About five years ago we were at a national convention, and they sent word to Mother Boyd that her son had died in Atlanta. As we were making arrangements to go, and get her ready to go to Atlanta to claim the body of her son, she sent word down there by one of our bishops and said, “Tell them don’t touch him until I get down there.” And so we immediately tried to find the next flight for her to get down there and she said, “Nah, y’all, I’ve got a seminar to do.” She said, “Let me do my little seminar, and then I’ll jump on a plane.” She got on the plane and went down to Atlanta and went into the morgue, and saw they were ready to do the autopsy. And she told the attendant, “You step out a moment.” He stepped out of the room, and she had two other prayer warriors—two other mothers of the church—with her. They went into the morgue, pulled the sheet back, and she said to God, “Now, God, you made my boy and I know he’s not through living the will of God, so Satan, I rebuke you in the name of Jesus. Son, “I’m speaking life back into your body!” She said she waited about five minutes and nothing happened, and then she turned to God and said, “God, if my life means anything to you, then I want you to bring my son back to life.” Because God valued her life, her son came back to life and he is living today. Is that not what Christ did on Calvary? On Calvary Christ essentially said, “God if my life means anything to you then bring humanity back to life.”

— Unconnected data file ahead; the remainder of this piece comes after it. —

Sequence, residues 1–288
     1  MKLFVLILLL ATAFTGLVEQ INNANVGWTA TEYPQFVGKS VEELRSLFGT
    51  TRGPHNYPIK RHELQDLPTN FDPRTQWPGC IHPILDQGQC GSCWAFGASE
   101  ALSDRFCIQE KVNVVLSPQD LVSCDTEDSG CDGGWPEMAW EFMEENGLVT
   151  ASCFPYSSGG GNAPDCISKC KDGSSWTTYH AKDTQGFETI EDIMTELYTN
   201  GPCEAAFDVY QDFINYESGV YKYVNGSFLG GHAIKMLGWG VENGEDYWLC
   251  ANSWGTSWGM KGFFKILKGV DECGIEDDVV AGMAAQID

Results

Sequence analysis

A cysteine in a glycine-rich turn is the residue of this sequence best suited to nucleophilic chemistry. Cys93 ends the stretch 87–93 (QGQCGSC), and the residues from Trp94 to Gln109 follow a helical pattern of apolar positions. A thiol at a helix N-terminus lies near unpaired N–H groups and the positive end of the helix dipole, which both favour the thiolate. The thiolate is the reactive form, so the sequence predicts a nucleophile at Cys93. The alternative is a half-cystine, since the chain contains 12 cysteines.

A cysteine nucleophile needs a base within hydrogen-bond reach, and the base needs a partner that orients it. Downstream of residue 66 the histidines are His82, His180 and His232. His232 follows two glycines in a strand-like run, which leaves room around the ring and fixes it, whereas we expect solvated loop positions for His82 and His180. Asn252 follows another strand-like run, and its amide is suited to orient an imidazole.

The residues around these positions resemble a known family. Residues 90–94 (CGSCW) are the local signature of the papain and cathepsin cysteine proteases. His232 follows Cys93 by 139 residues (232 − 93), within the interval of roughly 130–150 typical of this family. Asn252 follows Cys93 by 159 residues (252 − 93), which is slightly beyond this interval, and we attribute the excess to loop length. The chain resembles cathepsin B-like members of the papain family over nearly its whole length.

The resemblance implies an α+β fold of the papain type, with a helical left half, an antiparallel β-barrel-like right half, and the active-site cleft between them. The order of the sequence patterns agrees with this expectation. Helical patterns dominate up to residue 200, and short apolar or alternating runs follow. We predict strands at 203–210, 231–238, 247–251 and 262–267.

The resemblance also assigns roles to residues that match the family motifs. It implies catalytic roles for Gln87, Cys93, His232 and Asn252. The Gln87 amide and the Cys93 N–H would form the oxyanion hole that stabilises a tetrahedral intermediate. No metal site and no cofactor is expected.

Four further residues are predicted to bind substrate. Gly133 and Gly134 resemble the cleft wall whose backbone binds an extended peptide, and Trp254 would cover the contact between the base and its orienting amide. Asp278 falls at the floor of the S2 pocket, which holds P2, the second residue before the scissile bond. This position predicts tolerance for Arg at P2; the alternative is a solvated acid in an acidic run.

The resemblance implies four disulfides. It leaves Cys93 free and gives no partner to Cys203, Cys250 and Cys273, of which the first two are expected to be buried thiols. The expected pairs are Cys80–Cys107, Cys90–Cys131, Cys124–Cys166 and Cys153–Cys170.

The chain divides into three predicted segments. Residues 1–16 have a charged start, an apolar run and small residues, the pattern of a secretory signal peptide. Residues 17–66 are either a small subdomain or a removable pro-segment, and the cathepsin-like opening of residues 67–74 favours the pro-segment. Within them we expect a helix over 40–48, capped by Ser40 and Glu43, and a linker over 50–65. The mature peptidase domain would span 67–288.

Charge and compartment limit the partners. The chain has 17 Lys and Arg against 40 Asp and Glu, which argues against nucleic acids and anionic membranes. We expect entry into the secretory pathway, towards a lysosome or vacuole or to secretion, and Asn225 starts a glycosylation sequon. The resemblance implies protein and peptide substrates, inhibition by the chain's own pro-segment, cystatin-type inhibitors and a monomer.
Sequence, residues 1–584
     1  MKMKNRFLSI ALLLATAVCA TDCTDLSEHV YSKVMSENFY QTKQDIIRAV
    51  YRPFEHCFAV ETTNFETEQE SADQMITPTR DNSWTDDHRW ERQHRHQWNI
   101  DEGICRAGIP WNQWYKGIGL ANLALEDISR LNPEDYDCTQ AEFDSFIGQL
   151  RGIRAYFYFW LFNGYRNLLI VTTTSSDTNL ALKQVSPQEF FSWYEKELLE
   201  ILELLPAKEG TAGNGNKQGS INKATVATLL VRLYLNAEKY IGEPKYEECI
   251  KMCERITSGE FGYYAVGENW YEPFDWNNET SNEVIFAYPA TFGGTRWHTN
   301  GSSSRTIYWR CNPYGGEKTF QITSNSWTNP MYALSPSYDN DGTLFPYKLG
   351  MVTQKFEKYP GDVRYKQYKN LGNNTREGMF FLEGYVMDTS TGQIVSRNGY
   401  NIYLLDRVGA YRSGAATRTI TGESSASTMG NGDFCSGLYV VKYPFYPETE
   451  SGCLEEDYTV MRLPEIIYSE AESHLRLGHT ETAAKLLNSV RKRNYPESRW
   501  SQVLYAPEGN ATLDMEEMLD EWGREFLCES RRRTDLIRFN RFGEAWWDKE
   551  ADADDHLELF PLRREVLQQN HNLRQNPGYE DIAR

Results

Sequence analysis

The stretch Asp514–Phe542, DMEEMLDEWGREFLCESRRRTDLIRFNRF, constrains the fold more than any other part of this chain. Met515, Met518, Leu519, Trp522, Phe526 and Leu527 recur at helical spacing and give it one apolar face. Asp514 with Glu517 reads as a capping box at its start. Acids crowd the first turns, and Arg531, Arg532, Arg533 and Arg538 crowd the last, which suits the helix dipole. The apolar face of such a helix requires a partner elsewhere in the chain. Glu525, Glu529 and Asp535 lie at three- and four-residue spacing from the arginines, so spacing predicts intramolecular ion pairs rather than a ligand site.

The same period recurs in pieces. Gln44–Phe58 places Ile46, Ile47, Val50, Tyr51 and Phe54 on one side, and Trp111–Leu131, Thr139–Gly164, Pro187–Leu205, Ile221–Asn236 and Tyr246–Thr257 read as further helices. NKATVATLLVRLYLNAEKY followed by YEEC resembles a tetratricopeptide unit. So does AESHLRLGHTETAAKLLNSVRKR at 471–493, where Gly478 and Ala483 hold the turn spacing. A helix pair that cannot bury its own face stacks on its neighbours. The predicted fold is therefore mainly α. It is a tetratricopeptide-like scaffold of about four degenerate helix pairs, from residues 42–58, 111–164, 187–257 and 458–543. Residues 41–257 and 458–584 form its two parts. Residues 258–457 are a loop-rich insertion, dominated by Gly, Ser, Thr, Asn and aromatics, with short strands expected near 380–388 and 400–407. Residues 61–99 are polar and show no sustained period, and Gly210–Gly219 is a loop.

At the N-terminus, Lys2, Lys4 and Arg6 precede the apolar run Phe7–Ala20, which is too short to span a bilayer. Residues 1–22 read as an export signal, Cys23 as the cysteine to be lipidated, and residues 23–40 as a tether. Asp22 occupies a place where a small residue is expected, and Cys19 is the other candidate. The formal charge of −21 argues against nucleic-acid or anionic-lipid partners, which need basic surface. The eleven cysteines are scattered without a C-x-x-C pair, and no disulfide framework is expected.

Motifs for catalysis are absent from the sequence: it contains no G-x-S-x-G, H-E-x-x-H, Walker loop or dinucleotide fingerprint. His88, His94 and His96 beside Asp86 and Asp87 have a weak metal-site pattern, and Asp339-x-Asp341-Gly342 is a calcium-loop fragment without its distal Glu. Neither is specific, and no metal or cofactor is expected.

--Carolyn Showell.4


1. Blackman, E. C. The Epistle of James. London: SCM Press, 1957.
2. Blackaby, Henry T. and Claude V. King. Experiencing God: How to Live the Full Adventure of Knowing and Doing the Will of God. Nashville, TN: Broadman and Holman Publishers, 1994. p.176.
3. Evans, Abigail Rian. The Healing Church: Practical Programs for Health Ministries. Cleveland, OH: United Church Press, 1999.
4. Showell, Carolyn. “Greater Is He.” The African American Pulpit (Fall 2005): p. 83.